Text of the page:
Wednesday, May 30, 2012

Makin' A Deal

When I travel, I like to ride a bike in whatever place I find myself.  And Jerusalem is no different.  Earlier this week in Tel Aviv, I had seen plenty of evidence of bike culture - bike rental stalls like I had seen in London and Vienna, dedicated bike lanes and bikes locked to every imaginable structure.

Here in Jerusalem, with the city existing on many, many hills and having seen people wearing T-shirts that say "I walked my feet off in Jerusalem", I was excited to see a large number of people traversing the hills and valleys on bikes.  Mountain bikes especially.  In fact, nighttime tours of the old city with its narrow cobbled lanes are held for cyclists wanting the thrill of being able to ride on the same stone - paved streets as Jesus once did.
The same stone street that Jesus walked

I had no luck finding the automated bike rental stalls that I had seen on the coast and while riding "Shank's pony" through a West Jerusalem park, a group of three youths wizzed past me on their bikes, one of them striking my plastic shopping bag full of last minute gifts and a prized olive green T-shirt with the inscription "Israel Defence Force" emblazoned on its front.

The boys surprised me by stopping and apologizing and I was pleased to find out they spoke English.  That's when the idea hit me that I could ask one of them to borrow his bike and go for a little jaunt around the park.  Independance Park to be exact.  They were sceptical and it wasn't until I left my bag of gifts with them as collateral and promised to ride within view (and only for a few minutes) and give them all the coins in my pocket for their trouble that they thought that my gifts might just be worth more than the MTB that I was going to use.
The deal makers

While they cavorted on a basketball court, I rode around its perimeter for a few minutes while they talked and joked amongst themselves.  Probably saying something like "Look at that goofy foreigner with his white legs!  or "Did you see how many sheckels he had in his hand - we got ripped off! or most likely "Hey Shlomo, why don't we just take off with this goy's stuff and let Avriham deal with the Americano and besides, the guy is so old, he'd never catch us on such a shi**y bike!".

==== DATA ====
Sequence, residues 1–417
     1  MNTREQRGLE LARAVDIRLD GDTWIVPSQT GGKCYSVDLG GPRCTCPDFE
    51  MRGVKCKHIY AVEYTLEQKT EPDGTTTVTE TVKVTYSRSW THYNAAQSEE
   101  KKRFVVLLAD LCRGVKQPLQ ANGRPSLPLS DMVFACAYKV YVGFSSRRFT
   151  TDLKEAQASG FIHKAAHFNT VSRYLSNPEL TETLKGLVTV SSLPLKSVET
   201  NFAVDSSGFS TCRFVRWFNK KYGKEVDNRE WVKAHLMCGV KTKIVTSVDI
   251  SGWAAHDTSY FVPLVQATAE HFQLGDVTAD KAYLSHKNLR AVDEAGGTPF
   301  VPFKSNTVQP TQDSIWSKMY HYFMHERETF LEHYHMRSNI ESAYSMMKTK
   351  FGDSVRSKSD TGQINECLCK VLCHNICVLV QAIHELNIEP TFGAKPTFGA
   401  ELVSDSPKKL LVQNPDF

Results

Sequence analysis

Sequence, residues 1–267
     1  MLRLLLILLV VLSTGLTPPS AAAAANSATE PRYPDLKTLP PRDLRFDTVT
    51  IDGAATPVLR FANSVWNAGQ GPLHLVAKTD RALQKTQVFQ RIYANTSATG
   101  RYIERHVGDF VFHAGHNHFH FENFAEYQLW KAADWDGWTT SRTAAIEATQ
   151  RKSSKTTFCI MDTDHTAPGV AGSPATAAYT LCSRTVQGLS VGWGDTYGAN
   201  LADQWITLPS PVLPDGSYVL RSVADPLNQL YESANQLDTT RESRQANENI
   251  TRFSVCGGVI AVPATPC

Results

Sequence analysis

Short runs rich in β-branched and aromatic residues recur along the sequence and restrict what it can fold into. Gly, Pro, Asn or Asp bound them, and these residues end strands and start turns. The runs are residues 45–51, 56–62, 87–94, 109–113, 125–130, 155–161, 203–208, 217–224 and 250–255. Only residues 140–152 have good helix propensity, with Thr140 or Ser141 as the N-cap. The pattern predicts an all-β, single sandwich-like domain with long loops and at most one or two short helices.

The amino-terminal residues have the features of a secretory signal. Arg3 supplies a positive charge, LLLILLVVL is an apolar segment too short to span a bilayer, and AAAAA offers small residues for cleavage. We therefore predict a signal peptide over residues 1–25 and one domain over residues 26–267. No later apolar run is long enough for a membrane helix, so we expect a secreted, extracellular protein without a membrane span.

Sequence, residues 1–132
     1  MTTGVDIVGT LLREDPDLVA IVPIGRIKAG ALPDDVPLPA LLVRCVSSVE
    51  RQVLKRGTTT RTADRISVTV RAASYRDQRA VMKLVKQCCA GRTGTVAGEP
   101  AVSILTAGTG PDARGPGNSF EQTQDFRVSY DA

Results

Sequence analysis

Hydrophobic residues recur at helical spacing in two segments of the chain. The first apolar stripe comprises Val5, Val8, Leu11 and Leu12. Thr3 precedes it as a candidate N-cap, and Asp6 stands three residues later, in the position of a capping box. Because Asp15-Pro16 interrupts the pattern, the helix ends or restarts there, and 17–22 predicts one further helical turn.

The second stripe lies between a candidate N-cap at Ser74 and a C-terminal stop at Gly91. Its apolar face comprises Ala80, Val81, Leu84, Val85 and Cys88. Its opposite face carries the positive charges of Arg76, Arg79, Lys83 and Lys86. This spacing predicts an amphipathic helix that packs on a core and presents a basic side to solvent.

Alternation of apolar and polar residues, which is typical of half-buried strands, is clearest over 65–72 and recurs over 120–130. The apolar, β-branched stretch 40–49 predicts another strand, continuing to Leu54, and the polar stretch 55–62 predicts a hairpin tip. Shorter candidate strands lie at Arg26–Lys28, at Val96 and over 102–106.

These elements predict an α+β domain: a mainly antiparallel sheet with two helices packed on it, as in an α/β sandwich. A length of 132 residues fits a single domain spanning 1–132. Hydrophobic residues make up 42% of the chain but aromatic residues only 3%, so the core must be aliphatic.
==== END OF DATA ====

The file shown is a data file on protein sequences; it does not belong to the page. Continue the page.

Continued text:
After an experience yesterday with a pickpocket, and having trouble riding such a poorly maintained bike, I cut short my little ride and when I joined the small group, I made sure I got my bag back before handing over the bike.  Their disamy was palpable when I emptied out my pocket and showed them the meager amount of sheckels they were going to receive.  I tried completing the deal by throwing in a baseball cap and it wasn't until the one called Avriham demanded the cold can of Heineken that a deal was successfully struck.  Thank God they hadn't rifled through the bag enough to discover the rare black licorice pinwheels I planned to munch on our flight home. 

Friday, May 25, 2012

View From Israel

It looks to me that here in Tel Aviv, people like to cycle and it also appears that the government encourages cycling by providing dedicated bike lanes and ample places to lock up your bike.
Dedicated Bike Lanes in Tel Aviv
Folding bikes are very popular and I'm surprised at the number of mountain bikes I've seen people riding - have yet to see a road bike or a tandem.

I plan to rent a bike either here in Tel Aviv or in the next few days when we move over to the capital.  We're staying on the Mediterranean because there was literally no room at the inn in Jerusalem!

Tuesday, May 22, 2012

Old Friends

While out on my bike yesterday for another training ride, I got to thinking about my bike and the assorted cycling gear that I use to cycle.

It was looking at my gloved hands that sent me down that path of thinking.  My gloves are an old pair of AuClairs that don't cause any numbness in my hands when I'm on a long trip.  I have other gloves (read newer) but this pair I choose over and over.
Ratty old gloves
My Spiderflex seat which I figure has over 10,000 miles on it, is still the most comfortable seat I have ever ridden.  Other cyclists never fail to mention it's unusual shape and I've recommended it to I don't know how many people.